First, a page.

Conference program on the link
Working languages: English and Russian.
A personal link to zoom conference will be provided to registered participants.
- Alison Strang, Queen Margaret University, Edinburgh, UK. Crossing continents: Migrant integration in theory, policy and practice. (ENG. Russian translation) 18.00. – 19.30, October 14, 2021
Abstract: In an increasingly mobile world, migration policy, practice and scholarship becomes ever more central to the well-being of local, regional, national and international communities. This presentation will outline the origins and rationale underlying the ‘Indicators of Integration’ framework (Ager & Strang, 2008; Strang & Ager 2010), a holistic and evidence-based approach to addressing refugee integration. The framework, described as a ‘mid-level theory’, has underpinned much policy, practice and research globally in the past decade. The presentation will consider key evidence and insights emerging from recent research. In addition, using the UK and Scotland in particular as a case study, the presentation will examine examples of collaborative refugee integration policy and practice. This will focus on the UK Government integration toolkit, the New Scots integration strategy and examples of practical interventions that exemplify a holistic approach to community integration.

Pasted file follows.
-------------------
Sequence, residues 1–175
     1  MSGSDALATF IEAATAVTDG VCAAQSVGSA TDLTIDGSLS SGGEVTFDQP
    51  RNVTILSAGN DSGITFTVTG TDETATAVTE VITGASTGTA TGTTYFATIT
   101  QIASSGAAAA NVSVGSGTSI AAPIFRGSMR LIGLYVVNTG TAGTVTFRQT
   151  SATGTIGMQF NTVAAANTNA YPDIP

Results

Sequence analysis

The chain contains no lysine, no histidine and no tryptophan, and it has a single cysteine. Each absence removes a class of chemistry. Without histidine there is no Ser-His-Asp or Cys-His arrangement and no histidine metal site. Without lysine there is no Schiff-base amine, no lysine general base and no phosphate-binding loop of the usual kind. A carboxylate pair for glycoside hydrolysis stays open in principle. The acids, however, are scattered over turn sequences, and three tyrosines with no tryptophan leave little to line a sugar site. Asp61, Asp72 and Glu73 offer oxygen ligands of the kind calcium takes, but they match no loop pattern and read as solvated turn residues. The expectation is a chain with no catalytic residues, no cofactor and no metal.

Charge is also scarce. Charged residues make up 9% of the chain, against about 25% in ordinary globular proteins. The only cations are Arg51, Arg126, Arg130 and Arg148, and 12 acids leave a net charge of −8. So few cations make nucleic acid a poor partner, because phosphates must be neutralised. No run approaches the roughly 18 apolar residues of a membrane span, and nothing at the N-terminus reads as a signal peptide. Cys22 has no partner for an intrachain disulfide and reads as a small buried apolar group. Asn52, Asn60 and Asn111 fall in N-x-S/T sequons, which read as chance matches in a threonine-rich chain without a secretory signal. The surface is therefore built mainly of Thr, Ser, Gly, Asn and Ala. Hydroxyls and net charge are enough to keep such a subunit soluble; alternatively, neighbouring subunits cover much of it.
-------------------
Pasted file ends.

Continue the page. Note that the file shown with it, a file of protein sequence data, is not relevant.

Biography: Alison’s research concerns the mental health and wellbeing of those affected by conflict and disaster. She developed the ‘Indicators of Integration’ framework (Ager & Strang, 2008) and co-authored the UK Home Office updated version in 2019. Her research, in both humanitarian and resettlement contexts, seeks out grassroots perspectives and experiences to support communities, practitioners and policy makers. Recent research has addressed refugee mental health and social isolation, including in the context of COVID pandemic restrictions; social capital and the mapping of social connections; and new refugees’ integration pathways. Alison led the development and roll out of the Scottish Government, local government and Scottish Refugee Council led national strategy: ‘New Scots: Integrating Refugees in Scotland’s Communities’, until 2018. She is the co-founder of the ‘Mental Health and Psychosocial Support Network’ a global platform to improve mental health and psychosocial wellbeing in emergencies and situations of adversity by improving access to people, resources and knowledge (www.mhpss.net).